The immigration lawyer, Lee Gelernt, is invested in protecting the rights of immigrants and not letting the president separate families. He emphasizes the trauma of the separated families. His emotions were so powerful. What thoughts do you have about how emotion plays a role in these cases?
Steinberg: The story of family separation is just horrifying, and Lee said it was one of the worst things he’d seen in 20 years. He felt the need to humanize what was happening for the judges and take out the legal arguments and really hit home that children were being separated from parents. There is nothing more horrifying or devastating to think about. Lee was the first lawyer to file a class action lawsuit to stop this. He was on the front lines of that and he’s still trying to reunite parents and their children.
Despres: Why he’s so electric and compelling on screen is three-fold. He’s a monster in the courtroom and a devastating intellect, but he’s not the guy you want to assemble your IKEA furniture. But he’s so clearly living and dying with his clients. Those elements make him impossible to tear your eyes off. The stakes are monstrously huge and because of the character traits in Lee, you can’t stop watching him. I’m really grateful he’s out there, and it’s not me. He’s a great champion for these people.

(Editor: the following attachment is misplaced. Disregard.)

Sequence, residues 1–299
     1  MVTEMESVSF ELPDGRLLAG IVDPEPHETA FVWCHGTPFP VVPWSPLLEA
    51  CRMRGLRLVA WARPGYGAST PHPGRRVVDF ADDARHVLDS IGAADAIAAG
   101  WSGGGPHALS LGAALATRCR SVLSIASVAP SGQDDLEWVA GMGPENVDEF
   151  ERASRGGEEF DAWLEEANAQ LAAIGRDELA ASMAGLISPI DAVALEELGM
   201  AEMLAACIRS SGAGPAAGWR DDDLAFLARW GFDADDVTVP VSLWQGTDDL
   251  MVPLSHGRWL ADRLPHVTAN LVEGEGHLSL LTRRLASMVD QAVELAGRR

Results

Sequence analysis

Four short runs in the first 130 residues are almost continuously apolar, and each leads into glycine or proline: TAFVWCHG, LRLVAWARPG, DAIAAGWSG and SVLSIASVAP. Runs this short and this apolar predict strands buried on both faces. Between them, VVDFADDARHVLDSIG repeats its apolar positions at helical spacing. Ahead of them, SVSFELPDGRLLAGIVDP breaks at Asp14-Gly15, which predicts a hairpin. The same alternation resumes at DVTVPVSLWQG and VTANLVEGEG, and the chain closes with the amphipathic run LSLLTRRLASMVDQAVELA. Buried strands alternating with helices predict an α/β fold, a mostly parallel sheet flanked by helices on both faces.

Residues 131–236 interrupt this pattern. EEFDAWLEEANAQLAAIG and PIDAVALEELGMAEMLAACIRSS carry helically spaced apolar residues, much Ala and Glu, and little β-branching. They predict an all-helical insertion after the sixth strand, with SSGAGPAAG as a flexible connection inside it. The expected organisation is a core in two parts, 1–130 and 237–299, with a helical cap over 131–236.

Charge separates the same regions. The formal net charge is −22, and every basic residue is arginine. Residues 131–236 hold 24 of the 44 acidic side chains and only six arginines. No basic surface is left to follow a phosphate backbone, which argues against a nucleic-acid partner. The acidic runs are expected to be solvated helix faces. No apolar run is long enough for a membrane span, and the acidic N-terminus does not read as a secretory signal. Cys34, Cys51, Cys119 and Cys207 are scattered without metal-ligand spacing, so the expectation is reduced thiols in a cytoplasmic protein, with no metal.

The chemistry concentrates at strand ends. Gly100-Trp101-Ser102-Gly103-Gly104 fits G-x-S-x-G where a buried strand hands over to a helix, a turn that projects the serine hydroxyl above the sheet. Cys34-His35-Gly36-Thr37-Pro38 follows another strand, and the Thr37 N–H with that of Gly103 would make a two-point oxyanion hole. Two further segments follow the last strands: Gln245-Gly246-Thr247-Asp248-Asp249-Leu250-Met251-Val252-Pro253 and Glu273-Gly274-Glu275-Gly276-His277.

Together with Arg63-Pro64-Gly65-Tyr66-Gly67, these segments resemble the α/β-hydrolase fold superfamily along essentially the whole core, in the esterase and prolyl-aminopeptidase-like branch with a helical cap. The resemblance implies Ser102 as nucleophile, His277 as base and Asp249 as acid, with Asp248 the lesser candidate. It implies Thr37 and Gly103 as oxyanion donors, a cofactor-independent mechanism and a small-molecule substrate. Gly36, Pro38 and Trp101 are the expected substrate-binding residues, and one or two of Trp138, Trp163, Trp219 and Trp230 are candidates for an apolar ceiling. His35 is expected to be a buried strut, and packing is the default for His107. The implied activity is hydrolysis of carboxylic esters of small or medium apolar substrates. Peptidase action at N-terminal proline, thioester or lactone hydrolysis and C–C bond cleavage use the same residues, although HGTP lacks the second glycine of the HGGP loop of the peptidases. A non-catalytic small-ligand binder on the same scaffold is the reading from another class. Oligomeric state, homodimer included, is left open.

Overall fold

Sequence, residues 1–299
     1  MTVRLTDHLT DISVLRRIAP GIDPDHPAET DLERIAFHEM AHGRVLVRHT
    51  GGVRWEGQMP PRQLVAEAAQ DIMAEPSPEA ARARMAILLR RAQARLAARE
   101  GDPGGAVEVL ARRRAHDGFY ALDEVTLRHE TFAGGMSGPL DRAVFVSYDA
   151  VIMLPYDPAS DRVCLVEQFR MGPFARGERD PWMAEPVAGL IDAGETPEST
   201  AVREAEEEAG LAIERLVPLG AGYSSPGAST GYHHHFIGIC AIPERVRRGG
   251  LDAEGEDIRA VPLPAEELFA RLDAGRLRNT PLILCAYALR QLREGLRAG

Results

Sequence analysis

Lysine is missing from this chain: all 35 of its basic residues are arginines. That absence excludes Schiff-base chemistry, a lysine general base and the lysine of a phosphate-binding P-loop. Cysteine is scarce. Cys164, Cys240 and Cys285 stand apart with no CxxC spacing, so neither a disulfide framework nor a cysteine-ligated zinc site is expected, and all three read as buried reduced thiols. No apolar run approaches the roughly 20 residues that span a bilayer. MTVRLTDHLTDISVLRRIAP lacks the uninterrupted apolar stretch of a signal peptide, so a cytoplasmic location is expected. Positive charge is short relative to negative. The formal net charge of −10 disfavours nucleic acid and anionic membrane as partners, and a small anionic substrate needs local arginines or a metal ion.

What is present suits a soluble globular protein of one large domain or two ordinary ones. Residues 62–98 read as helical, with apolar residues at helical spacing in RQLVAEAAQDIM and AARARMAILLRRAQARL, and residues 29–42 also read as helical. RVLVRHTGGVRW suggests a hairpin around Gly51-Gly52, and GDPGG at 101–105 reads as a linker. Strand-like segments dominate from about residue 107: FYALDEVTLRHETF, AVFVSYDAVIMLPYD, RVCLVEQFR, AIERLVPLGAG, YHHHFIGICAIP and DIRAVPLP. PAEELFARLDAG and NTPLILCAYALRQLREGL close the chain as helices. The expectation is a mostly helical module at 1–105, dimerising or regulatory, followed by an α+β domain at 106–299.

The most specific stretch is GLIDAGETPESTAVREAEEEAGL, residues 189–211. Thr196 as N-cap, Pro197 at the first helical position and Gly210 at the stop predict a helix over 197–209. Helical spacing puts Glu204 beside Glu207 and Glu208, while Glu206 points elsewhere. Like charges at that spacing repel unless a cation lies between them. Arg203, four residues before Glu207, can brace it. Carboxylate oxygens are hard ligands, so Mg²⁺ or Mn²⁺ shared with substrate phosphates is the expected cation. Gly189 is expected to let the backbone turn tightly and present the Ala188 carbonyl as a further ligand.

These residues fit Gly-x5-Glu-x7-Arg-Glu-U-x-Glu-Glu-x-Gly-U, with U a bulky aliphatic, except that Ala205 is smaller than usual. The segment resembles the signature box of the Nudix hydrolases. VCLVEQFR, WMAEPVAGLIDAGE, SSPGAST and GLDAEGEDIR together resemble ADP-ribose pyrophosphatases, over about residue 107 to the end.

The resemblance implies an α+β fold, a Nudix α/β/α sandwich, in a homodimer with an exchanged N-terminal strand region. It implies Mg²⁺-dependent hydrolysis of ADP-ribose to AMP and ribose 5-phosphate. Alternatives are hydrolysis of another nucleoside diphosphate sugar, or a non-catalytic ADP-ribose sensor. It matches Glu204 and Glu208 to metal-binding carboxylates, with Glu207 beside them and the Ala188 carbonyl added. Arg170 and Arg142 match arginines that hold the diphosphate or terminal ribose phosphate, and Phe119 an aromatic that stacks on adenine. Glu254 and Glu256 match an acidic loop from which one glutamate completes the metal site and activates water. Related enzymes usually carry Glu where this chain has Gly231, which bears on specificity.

I like the point the film makes about how the travel ban language gets watered down until it passes, or the transgender ban in the military changes so it can be enacted. What observations do you have on this heinous practice of inciting fear and playing to a base?
Kriegman: Yeah, it’s one of the things about Trump, and I’d be curious to see what they lawyers say about this, but my sense is that his opening volley is so extreme and so shocking in so many different arenas. I mean, out to the gate with the Muslim ban, it was so far beyond what you would imagine an American president would do that he somehow manages to walk it back and water it down, and negotiate it back to something less shocking. By that point, people are inured to the reality of what it actually is, yet it is still extreme policy. You saw that with the Muslim ban and Josh and Chase’s case. It’s a striking part of his strategy that is disturbing in its effectiveness.